If he swagger, let him not come here: no, by my
faith; I must live among my neighbours; I'll no
swaggerers: I am in good name and fame with the
very best: shut the door; there comes no swaggerers
here: I have not lived all this while, to have
swaggering now: shut the door, I pray you."
It's clear from this passage that 'swagger' has two meanings- one that refers to drunken behavior and another, more familiar one, that denotes arrogance and (in the eyes of people like Mistress Quickly) an outsized sense of self-worth.
Jonathan Swift would also pick up this usage over a century later in 1726 with Gulliver's Travels, when he wrote that the Queen's Dwarf "would always affect to swagger and look big as he passed by me in the Queen's Antechamber...and he seldom failed of a small Word or two upon my Littleness."
While the definition of the word would keep its judgmental connotations during the 1800s, in his 1865 dictionary, British etymologist Hensleigh Wedgwood defined the word in poetic terms, writing that it was "the idea of tremulous motion, swaying backwards and forwards, is commonly expressed by forms originally representing the sound made by the dashing of water."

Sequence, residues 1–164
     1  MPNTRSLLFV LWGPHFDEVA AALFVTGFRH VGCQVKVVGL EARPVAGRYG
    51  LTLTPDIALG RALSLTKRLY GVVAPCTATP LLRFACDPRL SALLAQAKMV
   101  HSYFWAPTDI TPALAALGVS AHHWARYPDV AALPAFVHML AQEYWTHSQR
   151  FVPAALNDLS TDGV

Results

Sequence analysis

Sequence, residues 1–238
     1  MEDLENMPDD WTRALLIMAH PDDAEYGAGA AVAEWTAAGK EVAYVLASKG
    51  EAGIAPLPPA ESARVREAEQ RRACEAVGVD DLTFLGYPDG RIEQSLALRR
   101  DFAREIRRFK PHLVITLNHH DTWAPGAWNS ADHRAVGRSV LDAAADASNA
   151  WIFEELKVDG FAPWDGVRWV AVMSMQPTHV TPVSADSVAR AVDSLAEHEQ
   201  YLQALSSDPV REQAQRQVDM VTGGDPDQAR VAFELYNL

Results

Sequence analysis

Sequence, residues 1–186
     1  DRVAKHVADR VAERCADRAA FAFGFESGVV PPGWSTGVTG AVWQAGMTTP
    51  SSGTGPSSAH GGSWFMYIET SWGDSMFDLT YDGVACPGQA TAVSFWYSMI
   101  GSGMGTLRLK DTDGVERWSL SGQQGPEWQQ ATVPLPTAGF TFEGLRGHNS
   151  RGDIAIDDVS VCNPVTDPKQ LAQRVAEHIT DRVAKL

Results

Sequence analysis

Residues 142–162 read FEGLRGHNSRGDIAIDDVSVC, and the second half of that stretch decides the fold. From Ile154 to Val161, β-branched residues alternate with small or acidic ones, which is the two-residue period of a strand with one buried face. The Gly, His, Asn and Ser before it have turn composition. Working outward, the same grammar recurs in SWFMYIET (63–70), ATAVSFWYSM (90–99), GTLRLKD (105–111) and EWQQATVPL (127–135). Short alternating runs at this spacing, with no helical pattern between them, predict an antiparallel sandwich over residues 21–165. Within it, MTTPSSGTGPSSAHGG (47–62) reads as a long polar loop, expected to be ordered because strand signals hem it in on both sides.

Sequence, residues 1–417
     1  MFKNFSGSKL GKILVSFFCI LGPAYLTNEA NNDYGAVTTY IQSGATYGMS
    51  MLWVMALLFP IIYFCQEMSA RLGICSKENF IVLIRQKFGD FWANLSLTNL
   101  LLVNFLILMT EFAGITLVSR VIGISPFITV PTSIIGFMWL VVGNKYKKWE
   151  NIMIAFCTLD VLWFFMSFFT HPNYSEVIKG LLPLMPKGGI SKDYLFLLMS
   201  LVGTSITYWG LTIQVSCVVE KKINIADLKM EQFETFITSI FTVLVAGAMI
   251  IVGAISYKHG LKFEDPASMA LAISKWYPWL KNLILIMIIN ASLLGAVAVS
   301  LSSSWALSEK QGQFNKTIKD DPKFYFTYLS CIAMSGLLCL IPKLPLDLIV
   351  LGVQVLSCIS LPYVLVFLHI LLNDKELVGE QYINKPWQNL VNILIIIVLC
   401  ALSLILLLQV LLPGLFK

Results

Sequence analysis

By the 1870s, the word would take on the definition we know today, that is, as this 1872 dictionary puts it, "to boast or brag noisily." (Cultural critics have been declaring that 'swagger' has been on the decline since at least 1892. A piece in the magazine Science that year called swagger "[t]he most obvious and disagreeable form of self-assertion, which consists of making other people conscious of their inferiority...")
But swagger, fittingly, was and is persistent. Definitions like the one in that 1892 article, show how "swagger" was in many ways a natural fit for the hip-hop of the last two decades. According to Slate, the very first hip hop artists to use the word 'swagger' in a song was the group Brand Nubian in their 1990 song 'Slow Down,' where they note someone "used to walk with a swagger, now you simply stagger."
"Slow Down" would start a lyrical trend. As Ben Gabriel wrote in The New Inquiry three years ago:
Swagger is not new to hip-hop but has always been exterior to it. It recalls '70s rockers, '20s gangsters, pirates and Shakespearean vagabonds. The connotations are all, one might say, very white. But it is a very particular kind of whiteness — one which is very aware of itself and makes an explicit performance of its own economic or legal disenfranchisement.